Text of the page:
Jessica Ennis rejects 'cash for dash' campaign over London 2012 Olympic pay
Jessica Ennis will be happy to chase gold rather than lucre when she begins her quest for the Olympic heptathlon title tomorrow.
The Sheffield athlete made it clear yesterday that she did not support the "cash for dash" Twitter campaign being mounted by leading US athletes – most prominently 400m runner Sanya Richards-Ross – with a view to securing payment for athletes at the Olympics and to outlawing Rule 40 of the International Olympic Committee, which restricts what competitors are able to promote during the period of the Games.
"People can get wrapped up in the money side of things," Ennis said, speaking at the British athletics team's pre-competition press conference.
"As athletes, we just want to go out there to perform as best we can.
"It's all about the medal and that's our reward. Any extra thing is a bonus. But it's not about that. I think it would take away from how special it is to actually make the team and win a medal."
Dai Greene, the 400m hurdles world champion and British team captain, also voiced his opposition to the campaign. "As athletes growing up, we never took part in our sports for financial gain," the former Swansea City youth team footballer said. "I certainly would have stuck at football if that were the case.
"I don't think that any of us think for one second that we deserve the right to be paid to be here. We have all worked our socks off just because we want to be here. The gold medal is our payment, and to get the kit.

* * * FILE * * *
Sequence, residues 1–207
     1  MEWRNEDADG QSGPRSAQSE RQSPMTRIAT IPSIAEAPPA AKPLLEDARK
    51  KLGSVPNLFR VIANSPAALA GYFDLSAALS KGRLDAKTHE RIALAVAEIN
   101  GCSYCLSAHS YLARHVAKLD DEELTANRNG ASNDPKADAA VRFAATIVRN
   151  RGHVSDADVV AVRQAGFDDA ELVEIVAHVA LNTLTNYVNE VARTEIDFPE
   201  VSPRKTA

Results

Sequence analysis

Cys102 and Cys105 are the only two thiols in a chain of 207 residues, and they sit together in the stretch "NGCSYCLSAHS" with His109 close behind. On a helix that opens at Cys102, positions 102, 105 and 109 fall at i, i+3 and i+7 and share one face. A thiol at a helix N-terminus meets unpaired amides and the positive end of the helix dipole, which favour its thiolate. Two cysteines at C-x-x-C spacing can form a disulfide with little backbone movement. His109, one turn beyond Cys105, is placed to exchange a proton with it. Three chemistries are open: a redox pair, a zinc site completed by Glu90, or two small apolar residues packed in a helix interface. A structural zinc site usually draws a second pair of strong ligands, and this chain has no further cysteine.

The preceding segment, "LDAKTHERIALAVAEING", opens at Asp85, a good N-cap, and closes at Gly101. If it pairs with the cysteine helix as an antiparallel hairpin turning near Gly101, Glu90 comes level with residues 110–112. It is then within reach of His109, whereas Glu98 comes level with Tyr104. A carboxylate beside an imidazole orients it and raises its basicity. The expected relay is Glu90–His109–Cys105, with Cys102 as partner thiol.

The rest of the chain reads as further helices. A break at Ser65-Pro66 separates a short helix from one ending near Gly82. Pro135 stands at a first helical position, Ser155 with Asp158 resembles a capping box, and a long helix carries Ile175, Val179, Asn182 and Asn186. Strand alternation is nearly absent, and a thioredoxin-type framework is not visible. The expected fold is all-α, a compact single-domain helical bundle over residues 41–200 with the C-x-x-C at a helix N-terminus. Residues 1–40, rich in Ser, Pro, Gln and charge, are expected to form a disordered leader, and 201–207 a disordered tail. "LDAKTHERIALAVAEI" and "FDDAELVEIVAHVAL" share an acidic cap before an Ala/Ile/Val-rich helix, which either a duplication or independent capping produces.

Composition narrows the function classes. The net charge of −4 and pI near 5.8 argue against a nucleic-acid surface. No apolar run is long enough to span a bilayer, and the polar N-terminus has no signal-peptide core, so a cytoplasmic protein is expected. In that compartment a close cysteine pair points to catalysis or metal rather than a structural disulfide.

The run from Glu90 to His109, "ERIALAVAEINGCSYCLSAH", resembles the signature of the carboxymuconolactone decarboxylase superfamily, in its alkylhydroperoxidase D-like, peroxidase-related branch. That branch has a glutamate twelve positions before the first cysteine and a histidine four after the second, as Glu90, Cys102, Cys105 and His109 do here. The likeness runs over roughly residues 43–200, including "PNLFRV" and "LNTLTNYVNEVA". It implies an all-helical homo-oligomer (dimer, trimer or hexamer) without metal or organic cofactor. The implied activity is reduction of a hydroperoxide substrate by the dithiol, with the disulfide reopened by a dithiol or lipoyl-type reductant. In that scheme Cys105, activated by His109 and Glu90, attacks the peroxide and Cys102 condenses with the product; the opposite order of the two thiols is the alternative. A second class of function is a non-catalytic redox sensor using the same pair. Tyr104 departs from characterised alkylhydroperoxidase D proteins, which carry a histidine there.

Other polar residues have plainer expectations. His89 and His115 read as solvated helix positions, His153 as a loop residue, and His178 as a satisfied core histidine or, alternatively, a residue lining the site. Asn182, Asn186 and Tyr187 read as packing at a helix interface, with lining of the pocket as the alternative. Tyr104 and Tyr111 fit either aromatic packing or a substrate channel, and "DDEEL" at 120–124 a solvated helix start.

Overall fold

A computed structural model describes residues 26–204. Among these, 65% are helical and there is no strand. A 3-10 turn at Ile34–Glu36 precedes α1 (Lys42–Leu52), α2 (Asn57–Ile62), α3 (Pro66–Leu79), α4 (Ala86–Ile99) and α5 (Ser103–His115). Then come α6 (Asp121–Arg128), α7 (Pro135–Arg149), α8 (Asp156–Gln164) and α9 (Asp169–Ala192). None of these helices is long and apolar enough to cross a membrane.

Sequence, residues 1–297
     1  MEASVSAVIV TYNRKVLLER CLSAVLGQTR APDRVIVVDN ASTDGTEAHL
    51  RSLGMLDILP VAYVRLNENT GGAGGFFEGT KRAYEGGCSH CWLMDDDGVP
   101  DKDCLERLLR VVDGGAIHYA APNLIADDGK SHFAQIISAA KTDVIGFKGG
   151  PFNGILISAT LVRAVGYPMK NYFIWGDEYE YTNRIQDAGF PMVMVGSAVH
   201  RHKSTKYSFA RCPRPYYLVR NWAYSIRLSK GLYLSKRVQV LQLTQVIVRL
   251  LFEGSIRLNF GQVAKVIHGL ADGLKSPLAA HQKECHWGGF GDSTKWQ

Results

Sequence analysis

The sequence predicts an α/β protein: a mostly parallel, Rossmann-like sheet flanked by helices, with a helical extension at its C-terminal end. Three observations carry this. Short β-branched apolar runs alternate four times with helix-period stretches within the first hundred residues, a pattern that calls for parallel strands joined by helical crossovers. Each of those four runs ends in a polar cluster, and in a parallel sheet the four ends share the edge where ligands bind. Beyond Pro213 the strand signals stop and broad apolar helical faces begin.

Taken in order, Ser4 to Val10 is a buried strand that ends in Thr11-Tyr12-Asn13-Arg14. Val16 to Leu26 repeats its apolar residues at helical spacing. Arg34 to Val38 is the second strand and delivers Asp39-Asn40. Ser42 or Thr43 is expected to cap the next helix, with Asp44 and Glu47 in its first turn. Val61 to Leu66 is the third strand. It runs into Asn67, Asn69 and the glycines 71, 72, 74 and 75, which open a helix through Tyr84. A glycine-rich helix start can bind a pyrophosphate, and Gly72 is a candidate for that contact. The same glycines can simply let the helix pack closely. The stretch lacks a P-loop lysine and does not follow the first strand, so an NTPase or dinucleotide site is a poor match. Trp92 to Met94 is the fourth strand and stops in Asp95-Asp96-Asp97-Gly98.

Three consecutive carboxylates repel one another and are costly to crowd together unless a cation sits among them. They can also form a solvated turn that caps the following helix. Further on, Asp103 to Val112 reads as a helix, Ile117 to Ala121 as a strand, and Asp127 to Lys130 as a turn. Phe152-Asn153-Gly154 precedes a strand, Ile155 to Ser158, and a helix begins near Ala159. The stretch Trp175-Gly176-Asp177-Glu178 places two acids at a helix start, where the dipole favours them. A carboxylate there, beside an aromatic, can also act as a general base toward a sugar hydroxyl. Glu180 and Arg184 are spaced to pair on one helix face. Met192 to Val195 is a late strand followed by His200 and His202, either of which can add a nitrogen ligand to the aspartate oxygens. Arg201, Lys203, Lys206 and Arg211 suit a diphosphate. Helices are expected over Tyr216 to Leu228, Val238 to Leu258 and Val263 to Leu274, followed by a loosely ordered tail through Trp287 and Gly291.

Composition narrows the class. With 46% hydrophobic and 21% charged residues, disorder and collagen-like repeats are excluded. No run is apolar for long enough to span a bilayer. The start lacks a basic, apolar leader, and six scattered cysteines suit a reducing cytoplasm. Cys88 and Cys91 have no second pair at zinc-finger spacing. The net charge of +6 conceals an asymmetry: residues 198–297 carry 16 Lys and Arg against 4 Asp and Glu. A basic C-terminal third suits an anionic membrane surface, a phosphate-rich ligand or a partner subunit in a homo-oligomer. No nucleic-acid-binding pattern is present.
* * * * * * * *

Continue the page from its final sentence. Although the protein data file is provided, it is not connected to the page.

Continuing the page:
"To be part of Team GB is something special. I think that's more than enough payment for us all, to be honest."
Long jumper Greg Rutherford agreed. "The risk that you have if you start bringing in payments is that you're going to breed a nation of athletes who think about just making it to the team and that's it," he said.
Charles van Commenee, head coach of the British team, said: "I don't think true Olympians are driven by money. They compete here and represent themselves, the nation, their family, their club, their sport. That's what drives Olympians.
"In my previous job in Holland there was a lot of discussion about bonuses.
"We don't have that in Britain. I feel more comfortable with that. This is more the purity of the sport."
Wow - what a weekend for British Motorcycle racing!
by Luke Wilkins
22 May 2013 05:00 AM
The dust is barely settling on the Premier League season and the bookies are looking to persuade us ...
by Gareth Purnell
22 May 2013 02:01 AM
The guard has changed at Old Trafford for the first time in 26 years. Meanwhile, down the road, the ...
by The Sports Lawyer
21 May 2013 10:01 PM
Gaël Clichy: Roberto Mancini must take share of blame for dismissal
Sergio Garcia apologises for 'fried chicken' remark aimed towards Tiger Woods
Exclusive: Championship clubs set to push for safe-standing trials
Phil Neville in frame for role at Stoke City
Andy Carroll stalls on £15m move to West Ham in hope Newcastle step in
- 1 Terror at Woolwich barracks: Attacker tried to behead and disembowel British soldier
- 2 Gay couple beaten in park urge MPs to moderate language on gay marriage
- 3 After woman sells virginity for $780,000, here are the results of our prostitution survey
- 4 China agrees to impose carbon targets by 2016
BMF is the UK’s biggest and best loved outdoor fitness classes
Win anything from gadgets to five-star holidays on our competitions and offers page.